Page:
SEVERAL THINGS are disturbing about the case of Dr. Sherman A. Thomas, besides the actual death of the goose. For one thing, there is Dr. Thomas' story: that he wounded the goose with an approach shot to the 17th green at the Congressional County Club, and that he finished off the goose with his putter, as sort of a mercy killing. That story would be understandable, if lamentable, were it not contradicted by other golfers who say that Dr. Thomas "in a fit of rage, killed the bird after it interfered with his game." Of course the bird is game itself, which is why there is a federal law against killing it out of season. Ordinarily the difference between the accounts would be the difference between the accounts would be the difference between gooseslaughter and murder one. But an unnamed "federal source" (a source for the goose) told The Post's reporter that motives don't count. "The law does not differentiate. It says you can't kill this bird out of season, and you can't put out its misery with a putter."
That is yet another perplexing element of this case. It seems extrodinary that the federal law is specific, not to say presicent, that it has anticipated the contingency of someone using a putter as a weapon against the goose. Surely this cannot be the normal way of committing the crime.Only a goose who knew absolutely that he was cooked would sit still long enough for a killer with a putter. Then add to these the facts that the victim was a Canada goose, and yet the case will be tried in an American court, and that the lawyer whom Dr. Thomas has engaged, Charles Shaffer, is the man who represented John Dean in the Watergate scandals, and the mind begins to gaggle.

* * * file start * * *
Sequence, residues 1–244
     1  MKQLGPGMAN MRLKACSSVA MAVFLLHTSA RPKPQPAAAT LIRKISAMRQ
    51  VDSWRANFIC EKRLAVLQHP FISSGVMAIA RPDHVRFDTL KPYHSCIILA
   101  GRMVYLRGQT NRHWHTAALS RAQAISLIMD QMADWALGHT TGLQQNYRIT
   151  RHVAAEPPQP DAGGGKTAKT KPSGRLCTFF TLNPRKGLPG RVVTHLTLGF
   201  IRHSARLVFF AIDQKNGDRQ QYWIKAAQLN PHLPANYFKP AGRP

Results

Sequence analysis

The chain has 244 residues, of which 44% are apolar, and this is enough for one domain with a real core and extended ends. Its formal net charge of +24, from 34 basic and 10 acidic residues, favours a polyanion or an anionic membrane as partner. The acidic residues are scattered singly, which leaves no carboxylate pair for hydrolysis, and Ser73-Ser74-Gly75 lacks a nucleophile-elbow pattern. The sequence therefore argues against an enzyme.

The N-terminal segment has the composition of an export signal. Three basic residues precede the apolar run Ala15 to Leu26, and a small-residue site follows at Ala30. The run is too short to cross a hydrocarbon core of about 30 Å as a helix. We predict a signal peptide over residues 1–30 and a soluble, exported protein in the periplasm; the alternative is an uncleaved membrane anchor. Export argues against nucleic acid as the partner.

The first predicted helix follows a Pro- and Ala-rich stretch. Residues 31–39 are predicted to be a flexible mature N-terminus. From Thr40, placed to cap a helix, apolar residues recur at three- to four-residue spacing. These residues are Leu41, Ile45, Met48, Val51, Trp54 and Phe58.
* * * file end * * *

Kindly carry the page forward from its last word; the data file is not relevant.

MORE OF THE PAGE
Finally, there is the matter of the "other" charge - that is, the charge that Dr. Thomas not only killed the goose, but also "unlawfully possessed" it. One hopes this merely means that the doctor carried off the goose after he did it in; but even that simple act carries a penalty of six months in jail and a $500 fine. We've come a long way from the beanstalk.
All of which proves that no matter how you slice it, the killing of a goose will get you down.